According to Mr Gili, “There are many large infrastructure projects (road, rail and housing) both current and planned that will continue to drive construction machinery demand.”

Understanding the challenges ahead
Both Mr Tennakoon and Mr Murphy said that the main challenge facing earthmoving equipment suppliers was getting access to capable staff, particularly good operators, diesel fitters and field workers.

“Maybe we are not training enough apprentices, although Semco does it’s share. Quite a few are striking out on their own and becoming contractors, which is a double-edged sword. The level of tech-savvy that diesel fitters need these days and the tooling to keep up with the low emission engines and other electronics suggests they may struggle on their own,” Mr Murphy said.

“Some of the challenges facing the industry are safety and access to good operators. The industry is addressing these challenges by investing in technology to help reduce fatigue, and use of on-board technology to provide unmatched protection for people, equipment and existing assets and infrastructure on work sites. Technology is also allowing operators to move more dirt and be more accurate in a faster time frame, therefore improving overall productivity,” Mr Tennakoon commented.

While earthmoving equipment suppliers are enjoying the spike in sales, managing the supply chain to meet market machinery demand also brings its own challenges.

“Manufacture of machines continues to increase significantly and while most Original Equipment Manufacturers (OEMs) have the capacity to increase volumes, predominantly by adding an extra shift, downstream suppliers are struggling to ‘feed the OEMs’,” Mr Gili said.

“As a consequence we are starting to see lead times increase significantly. To counter this significant increase in demand, OEMs are now increasing their forecast volumes on their downstream suppliers and also seeking alternative supply sources to assist in maintaining market acceptable lead times.”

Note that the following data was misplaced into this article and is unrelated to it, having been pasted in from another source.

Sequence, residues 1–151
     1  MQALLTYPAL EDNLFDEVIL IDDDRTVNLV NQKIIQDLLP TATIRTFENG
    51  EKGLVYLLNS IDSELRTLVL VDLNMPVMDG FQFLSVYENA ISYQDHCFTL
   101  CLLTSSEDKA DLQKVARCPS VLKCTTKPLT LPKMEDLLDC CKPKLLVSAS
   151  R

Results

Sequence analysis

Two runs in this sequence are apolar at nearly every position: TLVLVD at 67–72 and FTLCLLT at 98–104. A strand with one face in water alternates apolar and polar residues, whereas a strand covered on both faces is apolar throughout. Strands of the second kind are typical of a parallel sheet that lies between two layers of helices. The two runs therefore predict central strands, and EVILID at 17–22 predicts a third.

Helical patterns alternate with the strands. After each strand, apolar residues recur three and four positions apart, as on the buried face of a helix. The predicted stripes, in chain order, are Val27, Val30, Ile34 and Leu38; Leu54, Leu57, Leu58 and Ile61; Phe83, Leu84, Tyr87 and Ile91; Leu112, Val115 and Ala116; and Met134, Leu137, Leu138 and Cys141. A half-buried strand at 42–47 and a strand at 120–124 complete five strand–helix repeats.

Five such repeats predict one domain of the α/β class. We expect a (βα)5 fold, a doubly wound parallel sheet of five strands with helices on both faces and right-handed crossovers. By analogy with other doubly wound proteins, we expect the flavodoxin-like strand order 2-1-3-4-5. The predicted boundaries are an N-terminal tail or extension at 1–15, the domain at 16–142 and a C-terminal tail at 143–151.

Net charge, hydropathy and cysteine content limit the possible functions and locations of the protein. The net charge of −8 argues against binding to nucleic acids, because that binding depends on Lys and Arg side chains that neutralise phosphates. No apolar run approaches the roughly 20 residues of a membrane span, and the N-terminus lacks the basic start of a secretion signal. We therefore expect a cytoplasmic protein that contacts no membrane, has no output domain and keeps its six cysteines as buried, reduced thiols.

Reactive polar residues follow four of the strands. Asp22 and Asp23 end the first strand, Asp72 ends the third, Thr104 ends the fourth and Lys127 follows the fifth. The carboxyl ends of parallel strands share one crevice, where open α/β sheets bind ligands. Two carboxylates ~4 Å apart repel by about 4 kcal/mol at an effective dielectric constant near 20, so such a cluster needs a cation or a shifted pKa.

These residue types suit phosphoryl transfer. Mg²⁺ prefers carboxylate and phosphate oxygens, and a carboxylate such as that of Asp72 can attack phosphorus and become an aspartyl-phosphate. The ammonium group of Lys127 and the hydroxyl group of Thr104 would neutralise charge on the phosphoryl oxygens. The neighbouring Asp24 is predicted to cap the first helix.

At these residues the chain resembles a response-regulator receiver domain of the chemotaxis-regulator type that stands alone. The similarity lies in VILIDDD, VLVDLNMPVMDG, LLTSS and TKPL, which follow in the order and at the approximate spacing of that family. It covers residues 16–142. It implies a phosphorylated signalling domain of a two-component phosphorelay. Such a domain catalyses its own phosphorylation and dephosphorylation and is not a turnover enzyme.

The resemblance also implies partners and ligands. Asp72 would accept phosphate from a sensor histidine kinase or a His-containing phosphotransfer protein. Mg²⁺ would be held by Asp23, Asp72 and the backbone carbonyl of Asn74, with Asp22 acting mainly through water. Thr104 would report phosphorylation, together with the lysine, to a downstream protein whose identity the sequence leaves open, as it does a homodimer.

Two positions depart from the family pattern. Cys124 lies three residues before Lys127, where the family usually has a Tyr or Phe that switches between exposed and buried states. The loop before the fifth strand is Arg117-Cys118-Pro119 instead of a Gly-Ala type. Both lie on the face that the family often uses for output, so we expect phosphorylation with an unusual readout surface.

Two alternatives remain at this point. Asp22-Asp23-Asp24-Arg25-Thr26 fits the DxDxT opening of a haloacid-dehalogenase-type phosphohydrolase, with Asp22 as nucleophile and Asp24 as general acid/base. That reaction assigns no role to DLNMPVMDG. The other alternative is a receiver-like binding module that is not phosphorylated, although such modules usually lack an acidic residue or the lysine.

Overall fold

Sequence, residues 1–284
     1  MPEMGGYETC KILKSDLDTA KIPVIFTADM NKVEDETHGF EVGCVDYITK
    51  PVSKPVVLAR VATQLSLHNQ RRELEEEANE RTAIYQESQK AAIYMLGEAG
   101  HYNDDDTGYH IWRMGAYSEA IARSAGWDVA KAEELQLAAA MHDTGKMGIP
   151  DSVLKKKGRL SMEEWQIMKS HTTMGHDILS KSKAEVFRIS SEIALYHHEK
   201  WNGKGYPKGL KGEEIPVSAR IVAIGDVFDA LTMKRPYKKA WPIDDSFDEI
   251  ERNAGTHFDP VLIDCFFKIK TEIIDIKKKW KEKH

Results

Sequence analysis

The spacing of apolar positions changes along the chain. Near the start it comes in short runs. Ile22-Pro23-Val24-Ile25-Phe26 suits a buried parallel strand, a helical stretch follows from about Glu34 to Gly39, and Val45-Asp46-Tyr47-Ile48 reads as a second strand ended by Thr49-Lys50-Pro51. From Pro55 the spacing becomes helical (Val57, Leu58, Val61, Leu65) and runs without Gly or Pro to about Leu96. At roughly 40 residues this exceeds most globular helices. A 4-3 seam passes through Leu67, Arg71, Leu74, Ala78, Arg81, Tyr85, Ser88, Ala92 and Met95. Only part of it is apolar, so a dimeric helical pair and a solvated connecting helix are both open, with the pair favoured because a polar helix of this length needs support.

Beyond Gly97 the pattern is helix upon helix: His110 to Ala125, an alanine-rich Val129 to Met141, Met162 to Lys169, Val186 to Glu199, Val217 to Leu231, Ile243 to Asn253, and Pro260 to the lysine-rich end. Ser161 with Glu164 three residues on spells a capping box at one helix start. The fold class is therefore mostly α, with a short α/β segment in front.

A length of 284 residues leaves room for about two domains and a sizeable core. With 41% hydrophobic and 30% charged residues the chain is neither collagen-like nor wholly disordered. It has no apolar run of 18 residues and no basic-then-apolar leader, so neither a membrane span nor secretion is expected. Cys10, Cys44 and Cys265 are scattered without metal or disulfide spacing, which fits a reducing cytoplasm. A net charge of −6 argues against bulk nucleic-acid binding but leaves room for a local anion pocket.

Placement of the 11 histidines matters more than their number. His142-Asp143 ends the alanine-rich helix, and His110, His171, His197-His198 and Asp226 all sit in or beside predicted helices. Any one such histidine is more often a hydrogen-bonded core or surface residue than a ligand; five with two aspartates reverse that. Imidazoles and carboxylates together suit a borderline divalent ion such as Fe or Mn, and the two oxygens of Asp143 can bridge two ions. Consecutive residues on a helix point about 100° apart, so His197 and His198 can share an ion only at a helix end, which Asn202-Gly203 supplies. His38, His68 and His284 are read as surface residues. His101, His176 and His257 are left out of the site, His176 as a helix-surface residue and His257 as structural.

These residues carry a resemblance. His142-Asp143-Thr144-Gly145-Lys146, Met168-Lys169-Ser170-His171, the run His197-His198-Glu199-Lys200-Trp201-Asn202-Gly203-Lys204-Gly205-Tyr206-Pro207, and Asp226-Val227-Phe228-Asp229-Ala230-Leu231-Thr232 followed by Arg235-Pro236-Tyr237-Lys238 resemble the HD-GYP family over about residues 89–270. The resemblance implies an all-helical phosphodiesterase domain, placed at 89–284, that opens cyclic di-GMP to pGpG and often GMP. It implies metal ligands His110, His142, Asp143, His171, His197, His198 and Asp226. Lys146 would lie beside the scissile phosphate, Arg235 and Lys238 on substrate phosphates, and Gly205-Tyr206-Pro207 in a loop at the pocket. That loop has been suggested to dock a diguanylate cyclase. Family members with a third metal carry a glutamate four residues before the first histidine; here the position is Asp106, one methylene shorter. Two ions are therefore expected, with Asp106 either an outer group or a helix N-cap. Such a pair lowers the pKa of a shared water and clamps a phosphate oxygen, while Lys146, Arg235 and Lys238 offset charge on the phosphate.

Mr Thorne said that most manufacturers have ramped up production to meet the new global demand.

“The Australian excavator market is up 37 per cent from last year which is causing factories to run over capacity. And thisincrease in sales isn’t just occurring in Australia but worldwide which means we are competing with other nations for excavator supplies.”

Mr Murphy also shared this sentiment, commenting, “Customers need a strong dealer support base here if they want to work machines hard and shift dirt. We are just two per cent of the world market so it is an issue for OEM distributors and dealers where they are expected to support brands through their working lifetimes with parts and service.”

1 Comment
  1. Camille Devaux 2 months ago

    I like that you mentioned the importance of finding good operators. This will make it super easy to get the best possible results for construction. My cousin looking into getting this service might like knowing this.